Dirty Diesel: Cities and citizens choke while the government looks the other way



British Medical Journal editorial, 27 December 2016:

In the 19th century, John Snow correctly identified the Broad Street pump as the source of a cholera outbreak in Soho, but a subsequent inquiry by the Board of Health decided that there was no reason to act. [1]

The response of the UK government to air pollution displays a similar lack of foresight. The main problem is diesel. Not only do we have a legacy of dirty lorries, buses, and taxis; the UK, along with much of Europe, has tragically adopted diesel as the main fuel for private cars. Before 2000 less than 10% of new cars sold in the UK were diesel. Now the figure is over 50%. Furthermore the amount of nitrogen dioxide (NO2) emitted by most diesel cars on the road is 4-5 times the EU limits allowed in laboratory tests. Illegal defeat devices installed by Volkswagen enabled NO2 emissions up to 40 times the EU limit.

For the past six years, the UK government has refused to implement the 2008 EU Air Quality Directive on the grounds that EU directives can be implemented by individual countries when convenient. However, the law does not recognise this defence, and the directive stipulates clearly defined limits as well as deadlines for compliance. For NO2, the annual limit is 40 µg/m3 of air. The compliance date was the now distant 1 January 2010.

Thanks to our reliance on diesel, nowhere in central London or most other large UK cities complies with the EU standard for NO2. Thus, in 2012, the environmental advocacy group ClientEarth sued the government. The case finally reached the Supreme Court in 2015, which found against the government and ordered it to produce an effective action plan. The government failed to do so and has now been ordered to remedy the situation by 2020 [2].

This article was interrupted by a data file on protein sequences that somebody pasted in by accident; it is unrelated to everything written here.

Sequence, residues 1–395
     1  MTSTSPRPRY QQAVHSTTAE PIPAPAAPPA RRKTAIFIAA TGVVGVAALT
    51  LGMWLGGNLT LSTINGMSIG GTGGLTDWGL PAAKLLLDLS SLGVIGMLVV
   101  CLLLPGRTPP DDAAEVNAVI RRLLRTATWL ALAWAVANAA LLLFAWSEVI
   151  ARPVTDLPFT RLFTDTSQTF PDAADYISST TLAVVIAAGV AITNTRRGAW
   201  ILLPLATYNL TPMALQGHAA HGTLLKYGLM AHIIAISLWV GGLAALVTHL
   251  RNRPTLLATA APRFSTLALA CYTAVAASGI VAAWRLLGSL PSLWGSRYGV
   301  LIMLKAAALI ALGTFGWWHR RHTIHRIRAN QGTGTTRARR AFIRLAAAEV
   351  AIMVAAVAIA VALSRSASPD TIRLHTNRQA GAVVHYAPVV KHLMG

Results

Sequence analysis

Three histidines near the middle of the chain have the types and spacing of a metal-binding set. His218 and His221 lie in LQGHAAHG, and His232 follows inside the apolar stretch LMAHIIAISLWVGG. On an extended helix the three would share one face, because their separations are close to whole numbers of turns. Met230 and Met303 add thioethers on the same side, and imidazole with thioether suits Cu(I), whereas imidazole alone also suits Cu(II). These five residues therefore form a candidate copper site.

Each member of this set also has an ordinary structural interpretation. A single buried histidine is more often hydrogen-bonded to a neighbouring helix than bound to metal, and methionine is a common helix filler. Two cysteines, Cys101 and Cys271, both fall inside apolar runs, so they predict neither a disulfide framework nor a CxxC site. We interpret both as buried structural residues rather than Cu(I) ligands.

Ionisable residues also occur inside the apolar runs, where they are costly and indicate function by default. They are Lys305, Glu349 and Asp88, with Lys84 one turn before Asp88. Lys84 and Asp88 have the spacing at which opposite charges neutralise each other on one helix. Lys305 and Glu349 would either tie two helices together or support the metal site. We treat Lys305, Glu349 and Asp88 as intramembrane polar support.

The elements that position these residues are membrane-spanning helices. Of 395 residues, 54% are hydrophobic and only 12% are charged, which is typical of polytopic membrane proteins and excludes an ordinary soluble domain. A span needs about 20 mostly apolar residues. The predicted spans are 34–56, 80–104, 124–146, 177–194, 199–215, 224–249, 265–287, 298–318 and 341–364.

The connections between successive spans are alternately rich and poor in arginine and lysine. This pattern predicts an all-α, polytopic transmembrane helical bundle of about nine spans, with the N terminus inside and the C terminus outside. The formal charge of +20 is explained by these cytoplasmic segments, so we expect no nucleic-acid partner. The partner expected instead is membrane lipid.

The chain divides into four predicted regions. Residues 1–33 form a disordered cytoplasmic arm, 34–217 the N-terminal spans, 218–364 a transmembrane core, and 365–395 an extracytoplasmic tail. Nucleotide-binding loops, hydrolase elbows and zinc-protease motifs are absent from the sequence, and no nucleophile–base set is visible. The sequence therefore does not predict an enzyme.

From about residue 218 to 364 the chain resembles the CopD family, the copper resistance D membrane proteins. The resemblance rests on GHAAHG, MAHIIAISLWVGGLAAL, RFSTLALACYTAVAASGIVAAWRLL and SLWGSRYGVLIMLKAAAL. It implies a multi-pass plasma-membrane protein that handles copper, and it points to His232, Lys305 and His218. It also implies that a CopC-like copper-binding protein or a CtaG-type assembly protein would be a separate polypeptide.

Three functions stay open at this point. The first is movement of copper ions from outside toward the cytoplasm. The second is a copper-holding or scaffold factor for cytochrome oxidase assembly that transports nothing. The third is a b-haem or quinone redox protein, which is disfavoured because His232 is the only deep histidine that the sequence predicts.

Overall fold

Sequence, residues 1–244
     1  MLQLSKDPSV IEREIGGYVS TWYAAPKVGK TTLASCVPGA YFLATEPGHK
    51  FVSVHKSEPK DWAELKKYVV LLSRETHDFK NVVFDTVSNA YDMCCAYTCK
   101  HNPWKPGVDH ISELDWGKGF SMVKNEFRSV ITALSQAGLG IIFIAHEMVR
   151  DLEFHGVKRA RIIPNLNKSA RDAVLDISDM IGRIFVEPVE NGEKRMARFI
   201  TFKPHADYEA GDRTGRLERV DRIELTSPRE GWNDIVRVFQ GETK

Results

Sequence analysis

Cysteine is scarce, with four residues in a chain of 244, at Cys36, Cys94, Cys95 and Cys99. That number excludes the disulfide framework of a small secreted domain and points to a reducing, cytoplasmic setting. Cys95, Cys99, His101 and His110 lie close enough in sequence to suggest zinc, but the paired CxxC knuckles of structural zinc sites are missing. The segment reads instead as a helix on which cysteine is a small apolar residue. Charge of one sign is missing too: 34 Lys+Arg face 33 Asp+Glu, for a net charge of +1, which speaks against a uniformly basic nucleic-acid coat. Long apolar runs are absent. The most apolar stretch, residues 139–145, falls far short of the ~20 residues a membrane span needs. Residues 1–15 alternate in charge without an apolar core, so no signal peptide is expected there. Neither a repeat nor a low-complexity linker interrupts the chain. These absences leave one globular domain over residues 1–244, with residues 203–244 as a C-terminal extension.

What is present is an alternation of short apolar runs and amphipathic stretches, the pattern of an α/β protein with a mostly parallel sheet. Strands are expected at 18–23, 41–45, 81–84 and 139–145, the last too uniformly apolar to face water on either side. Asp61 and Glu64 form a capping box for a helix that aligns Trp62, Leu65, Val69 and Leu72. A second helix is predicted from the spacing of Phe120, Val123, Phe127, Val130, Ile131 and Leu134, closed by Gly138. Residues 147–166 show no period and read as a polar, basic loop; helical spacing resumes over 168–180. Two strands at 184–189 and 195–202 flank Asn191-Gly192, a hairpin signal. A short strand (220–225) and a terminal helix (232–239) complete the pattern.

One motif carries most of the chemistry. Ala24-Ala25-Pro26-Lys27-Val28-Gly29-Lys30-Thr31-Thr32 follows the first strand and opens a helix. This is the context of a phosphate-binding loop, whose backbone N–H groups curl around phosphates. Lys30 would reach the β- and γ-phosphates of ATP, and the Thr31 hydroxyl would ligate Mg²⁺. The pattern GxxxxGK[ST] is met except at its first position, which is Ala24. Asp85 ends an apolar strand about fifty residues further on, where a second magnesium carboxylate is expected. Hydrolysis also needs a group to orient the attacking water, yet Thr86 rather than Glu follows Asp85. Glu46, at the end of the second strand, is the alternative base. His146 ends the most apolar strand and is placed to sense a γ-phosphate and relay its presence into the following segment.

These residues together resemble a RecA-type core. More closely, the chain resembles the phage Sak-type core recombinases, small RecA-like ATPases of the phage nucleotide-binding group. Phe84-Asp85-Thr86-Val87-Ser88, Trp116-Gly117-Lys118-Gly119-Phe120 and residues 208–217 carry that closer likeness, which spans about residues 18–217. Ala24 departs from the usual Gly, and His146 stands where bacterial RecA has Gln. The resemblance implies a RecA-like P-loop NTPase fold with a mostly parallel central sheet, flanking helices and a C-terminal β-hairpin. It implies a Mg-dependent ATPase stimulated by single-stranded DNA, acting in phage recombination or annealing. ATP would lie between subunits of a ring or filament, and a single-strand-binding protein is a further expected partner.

This judgment is momentous, not least because the EU commission can impose swingeing fines on the government if it fails to comply, a scenario that will doubtless foment demands for an early Brexit. However, it is the public who will suffer most if the government evades its public health responsibilities.

Air pollution is now one of the main causes of premature death in the UK, second only to smoking, with 29,000 deaths attributed to particulates and 23,500 to NO2.[3][4] In February 2016, a joint report by the Royal College of Physicians and the Royal College of Paediatrics and Child Health estimated that there are 40,000 deaths annually from outdoor air pollution in the UK and identified multiple medical conditions associated with higher exposure to particulates, ozone, and NO2. These include heart disease, stroke, lung disease (including cancer), diabetes, obesity, and dementia.[5]  The cost to the NHS was over £20bn annually; yet the then chancellor, George Osborne, did not even refer to this report when announcing that there would be no increased tax on diesel fuel in the March 2016 budget.